The African Group, the OIC [Organisation of the Islamic Conference], the Holy See, CARICOM [Caribbean Community and Common Market] and several states worked in various combinations to explicitly block progress on several key issues, including opposition to already agreed upon language in international texts, such as removing the term traditional from "harmful traditional practices", lobbying to change "early and forced marriages" to the more ambiguous "child marriage", and replacing "gender equality" with "equality between men and women" to refute the existence of any other genders.



The most conservative blocs also sought to advance "parental rights" and deny the right to comprehensive sexuality education and "reproductive rights and sexual health" as human rights. The Holy See once more insisted that the terms "sexual and reproductive health" and "reproductive rights" should exclude abortion and abortion services. They also refused to endorse contraception or condom-use for family planning or preventing HIV/AIDS and other STDs, or support sexuality education stating that:



"The advancement of an agenda which promotes 'sex education' and artificial contraception to children, and completely disregards their parent's [sic] involvement, is antithetical to the role of the state which has the responsibility to promote the common good of the family and society."[2]



In a joint statement, Say NO to safeguarding "traditional values" over women's human rights!, women's rights organizations have expressed their outrage with the end result of the 56th CSW. The statement calls on governments not to put on hold the advancements of women's rights because of political battles between states; says no to re-opening negotiations on already established international agreements on women's human rights; and calls on governments to promote, protect and fulfill the human rights and fundamental freedoms of women and reject attempts to invoke traditional values or morals which infringe upon human rights guaranteed by international law. They urged governments to ensure that the health and human rights of girls and women are secured and reaffirmed at the upcoming Commission on Population and Development and the International Conference on Sustainable Development (Rio+20).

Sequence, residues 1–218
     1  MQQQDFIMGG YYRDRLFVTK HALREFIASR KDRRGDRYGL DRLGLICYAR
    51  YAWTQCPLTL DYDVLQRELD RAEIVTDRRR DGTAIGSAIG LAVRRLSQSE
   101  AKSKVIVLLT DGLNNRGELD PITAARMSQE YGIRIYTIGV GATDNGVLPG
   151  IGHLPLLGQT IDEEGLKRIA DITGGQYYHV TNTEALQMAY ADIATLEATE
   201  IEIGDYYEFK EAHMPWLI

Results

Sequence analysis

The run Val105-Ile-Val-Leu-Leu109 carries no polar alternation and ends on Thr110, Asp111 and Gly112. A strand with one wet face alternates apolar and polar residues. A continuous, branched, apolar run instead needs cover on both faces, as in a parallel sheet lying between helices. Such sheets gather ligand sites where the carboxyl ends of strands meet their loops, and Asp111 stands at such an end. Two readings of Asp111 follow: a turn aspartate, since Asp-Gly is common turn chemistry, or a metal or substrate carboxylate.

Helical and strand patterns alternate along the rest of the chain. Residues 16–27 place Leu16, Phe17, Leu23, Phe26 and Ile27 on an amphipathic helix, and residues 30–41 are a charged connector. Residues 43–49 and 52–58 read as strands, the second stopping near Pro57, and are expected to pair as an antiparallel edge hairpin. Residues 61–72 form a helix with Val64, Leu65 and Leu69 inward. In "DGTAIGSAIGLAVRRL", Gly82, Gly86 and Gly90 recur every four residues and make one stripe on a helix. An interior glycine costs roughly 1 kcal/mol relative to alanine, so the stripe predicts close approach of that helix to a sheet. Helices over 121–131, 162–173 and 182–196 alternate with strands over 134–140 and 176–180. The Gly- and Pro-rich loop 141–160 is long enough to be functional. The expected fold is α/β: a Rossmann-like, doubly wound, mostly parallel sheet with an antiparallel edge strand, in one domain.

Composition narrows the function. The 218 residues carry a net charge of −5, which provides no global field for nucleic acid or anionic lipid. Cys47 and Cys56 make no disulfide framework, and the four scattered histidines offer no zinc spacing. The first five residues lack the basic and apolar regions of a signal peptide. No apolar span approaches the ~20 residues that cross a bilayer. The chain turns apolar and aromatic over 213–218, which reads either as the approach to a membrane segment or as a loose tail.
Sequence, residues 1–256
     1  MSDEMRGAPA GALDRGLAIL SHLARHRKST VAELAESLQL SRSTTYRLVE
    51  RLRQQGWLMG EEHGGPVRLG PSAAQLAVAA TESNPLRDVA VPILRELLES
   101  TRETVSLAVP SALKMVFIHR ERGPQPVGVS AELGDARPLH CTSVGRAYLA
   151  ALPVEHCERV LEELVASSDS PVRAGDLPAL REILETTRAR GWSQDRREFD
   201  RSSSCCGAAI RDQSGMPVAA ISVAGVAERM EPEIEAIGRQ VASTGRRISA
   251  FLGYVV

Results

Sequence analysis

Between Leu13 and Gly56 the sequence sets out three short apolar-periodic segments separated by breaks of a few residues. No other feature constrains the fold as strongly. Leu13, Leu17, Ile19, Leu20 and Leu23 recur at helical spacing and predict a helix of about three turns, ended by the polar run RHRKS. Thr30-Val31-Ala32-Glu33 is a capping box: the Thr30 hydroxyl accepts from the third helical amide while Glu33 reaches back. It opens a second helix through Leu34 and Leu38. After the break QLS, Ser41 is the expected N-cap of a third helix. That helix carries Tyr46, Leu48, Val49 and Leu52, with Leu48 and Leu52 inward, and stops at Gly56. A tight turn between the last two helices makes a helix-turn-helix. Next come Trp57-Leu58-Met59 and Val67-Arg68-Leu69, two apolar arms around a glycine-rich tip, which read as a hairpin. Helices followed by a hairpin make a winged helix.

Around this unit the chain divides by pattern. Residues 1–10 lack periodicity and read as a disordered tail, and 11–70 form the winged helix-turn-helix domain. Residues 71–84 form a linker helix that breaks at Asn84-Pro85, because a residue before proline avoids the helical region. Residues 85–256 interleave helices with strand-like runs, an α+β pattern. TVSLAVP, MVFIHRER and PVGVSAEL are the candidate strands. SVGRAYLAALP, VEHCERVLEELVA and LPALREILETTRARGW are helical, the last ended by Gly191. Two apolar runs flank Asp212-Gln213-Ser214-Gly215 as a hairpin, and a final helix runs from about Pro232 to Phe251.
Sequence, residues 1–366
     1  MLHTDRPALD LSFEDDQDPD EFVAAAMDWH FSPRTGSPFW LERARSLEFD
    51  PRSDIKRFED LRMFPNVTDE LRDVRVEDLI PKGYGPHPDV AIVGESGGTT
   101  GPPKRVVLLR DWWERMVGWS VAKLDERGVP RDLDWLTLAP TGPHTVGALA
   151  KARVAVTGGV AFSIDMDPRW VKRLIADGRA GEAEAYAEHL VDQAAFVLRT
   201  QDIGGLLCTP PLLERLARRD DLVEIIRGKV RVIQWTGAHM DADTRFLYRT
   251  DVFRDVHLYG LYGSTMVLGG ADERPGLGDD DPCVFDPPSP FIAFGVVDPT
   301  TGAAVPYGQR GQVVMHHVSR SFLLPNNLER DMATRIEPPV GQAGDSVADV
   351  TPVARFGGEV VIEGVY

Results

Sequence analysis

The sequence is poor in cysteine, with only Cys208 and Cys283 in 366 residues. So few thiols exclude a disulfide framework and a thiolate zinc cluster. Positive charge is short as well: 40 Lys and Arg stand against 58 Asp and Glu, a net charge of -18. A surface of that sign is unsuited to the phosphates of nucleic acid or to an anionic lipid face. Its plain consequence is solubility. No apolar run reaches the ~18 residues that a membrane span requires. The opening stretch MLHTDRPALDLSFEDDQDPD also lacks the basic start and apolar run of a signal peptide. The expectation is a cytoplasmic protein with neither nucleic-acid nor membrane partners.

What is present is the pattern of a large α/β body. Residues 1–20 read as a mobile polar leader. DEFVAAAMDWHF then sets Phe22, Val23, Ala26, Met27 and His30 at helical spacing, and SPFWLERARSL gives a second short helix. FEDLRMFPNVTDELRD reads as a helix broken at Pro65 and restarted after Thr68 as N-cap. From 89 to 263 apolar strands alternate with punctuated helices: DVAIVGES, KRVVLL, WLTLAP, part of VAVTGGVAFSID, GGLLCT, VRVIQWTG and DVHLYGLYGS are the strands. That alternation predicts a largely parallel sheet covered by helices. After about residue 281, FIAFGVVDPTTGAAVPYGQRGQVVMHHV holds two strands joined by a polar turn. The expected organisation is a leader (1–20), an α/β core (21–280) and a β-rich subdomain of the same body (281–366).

More information can be found at:

http://www.un.org/News/Press/ (http://www.un.org/News/Press/) docs/2012/wom1905.doc.htm



To add your name to the list of signatories to the above statement, please click here.




--------------------------------------------------------------------------------

[1] See the Family Watch International report on the 56th CSW here.

[2] http://www.turtlebayandbeyond (http://www.turtlebayandbeyond). org/2012/family/norway- religion-and-morality-hazards- to-womens-rights
Title: Re: Leo Igwe, Nigerian Humanist, discusses religion and superstition in Africa
Post by: Maggie the Opinionated on April 05, 2012, 05:30:11 PM
Quote from: Leo666 on April 05, 2012, 04:36:26 PM
Maggie, that one thinks or reasons does not mean that one cannot err. History is replete with mistaken ideas or thoughts of human beings. And humans have made progress by later correcting or abandoning those positions through education or legislation.